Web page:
I get the logic. Gronk is supposedly so far ahead of every one at his position that it makes him valuable enough to draft in the first round. But last year, Jimmy Graham was the round-1, must-have tight end and how did that turn out?
Graham finished the season with just 137 fantasy points, 3rd among tight ends. For comparison, the 8th and 9th tight ends, Travis Kelce and Delanie Walker, weren't even drafted in most leagues and they scored 108 and 105 fantasy points respectively. The gap in fantasy isn't as large as the gap in real life. So many things have to go right for Gronk or any tight end to be worth that kind of price, including staying healthy which Gronk has had trouble doing in the past. And the 4-game suspension for Tom Brady doesn't help.
If you find yourself drafting at the end of round 1, take an elite receiver or take a second tier running back like Murray, McCoy, or Hill. Don't hamstring yourself with a position that just isn't that valuable in fantasy, even for a player as good as Gronkowski.
Safe Pick: Antonio Brown (6)
I don't think Antonio Brown is a great value because I don't think there's that much separation between him and the other tier 1 receivers, the last of which are Calvin Johnson and A.J. Green who are ranked 18th and 19th overall. But if I had to nitpick and decide which of the 8 receivers is least likely to finish outside the top 10 in 2015, it would be Antonio Brown.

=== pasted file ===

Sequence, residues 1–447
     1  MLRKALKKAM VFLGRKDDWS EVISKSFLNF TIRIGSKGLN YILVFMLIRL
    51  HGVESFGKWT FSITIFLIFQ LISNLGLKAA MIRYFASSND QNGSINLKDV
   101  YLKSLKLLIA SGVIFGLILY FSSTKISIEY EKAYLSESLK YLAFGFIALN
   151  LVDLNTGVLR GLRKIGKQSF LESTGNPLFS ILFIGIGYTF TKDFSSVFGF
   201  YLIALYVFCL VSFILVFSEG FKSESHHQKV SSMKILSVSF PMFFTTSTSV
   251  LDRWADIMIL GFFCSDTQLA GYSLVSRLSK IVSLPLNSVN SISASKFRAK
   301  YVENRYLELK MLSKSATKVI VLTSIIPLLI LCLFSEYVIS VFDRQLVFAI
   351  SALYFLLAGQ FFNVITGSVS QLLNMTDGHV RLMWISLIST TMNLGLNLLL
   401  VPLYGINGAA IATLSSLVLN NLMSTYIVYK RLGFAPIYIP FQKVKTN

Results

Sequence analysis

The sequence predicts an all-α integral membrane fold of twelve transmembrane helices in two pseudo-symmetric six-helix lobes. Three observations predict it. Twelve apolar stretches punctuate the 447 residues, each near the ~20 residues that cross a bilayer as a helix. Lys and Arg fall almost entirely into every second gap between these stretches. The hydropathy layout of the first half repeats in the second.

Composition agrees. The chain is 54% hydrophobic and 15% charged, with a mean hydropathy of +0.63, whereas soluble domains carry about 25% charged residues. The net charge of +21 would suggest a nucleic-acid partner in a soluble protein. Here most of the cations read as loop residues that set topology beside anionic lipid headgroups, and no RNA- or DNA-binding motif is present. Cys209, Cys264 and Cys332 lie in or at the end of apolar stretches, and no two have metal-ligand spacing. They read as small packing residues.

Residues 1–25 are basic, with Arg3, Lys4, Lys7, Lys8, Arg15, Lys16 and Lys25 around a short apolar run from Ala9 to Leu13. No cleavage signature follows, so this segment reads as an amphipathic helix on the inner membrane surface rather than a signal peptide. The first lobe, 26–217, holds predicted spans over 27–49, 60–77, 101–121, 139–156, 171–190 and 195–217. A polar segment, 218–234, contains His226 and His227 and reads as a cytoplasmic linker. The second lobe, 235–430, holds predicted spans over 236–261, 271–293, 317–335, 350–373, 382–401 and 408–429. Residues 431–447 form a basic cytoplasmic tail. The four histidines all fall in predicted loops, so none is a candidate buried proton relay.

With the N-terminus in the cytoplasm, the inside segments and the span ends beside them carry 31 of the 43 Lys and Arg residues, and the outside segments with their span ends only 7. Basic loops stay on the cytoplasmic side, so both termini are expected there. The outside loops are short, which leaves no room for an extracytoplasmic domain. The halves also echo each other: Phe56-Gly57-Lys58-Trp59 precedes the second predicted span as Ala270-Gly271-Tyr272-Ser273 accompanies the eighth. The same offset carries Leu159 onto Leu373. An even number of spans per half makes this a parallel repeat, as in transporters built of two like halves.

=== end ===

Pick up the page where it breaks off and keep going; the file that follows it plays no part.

- Demaryius Thomas - Peyton Manning is declining and no guarantee to stay healthy; the offensive line is much worse than last year
- Dez Bryant - 16 touchdowns last year, he's due for regression; just 1320 yards last year, 378 less than Brown
- Odell Beckham Jr. - just 1 season sample size; the hype may be unrealistic
- Jordy Nelson - he's as safe as Brown but Brown scored 30 more points last year
- Julio Jones - foot injuries in the past, has never finished better than 8th in fantasy points
- Calvin Johnson - injury concerns, wearing down
- A.J. Green - worst quarterback of the elite wide receivers caps his upside
The guy is matchup proof and consistent like no other. In 2014, he had just TWO games below double-digit fantasy points. The first was a 5-catch, 84 yard game in week 5 (not bad) and the other was an 8-catch, 74 yard game in week 10 (he fumbled twice). In his worst game, Antonio Brown had 8 catches and 74 yards. That is insane.
So yeah, if you miss out on taking a tier 1 running back and you don't feel like settling for C.J. Anderson, Matt Forte, or DeMarco Murray, it might be best to play it safe and draft Brown as a pretty much guaranteed top 5 receiver. Then, you can take a tier 2 running back in the second round (or double down on elite wide receivers, if that's your thing).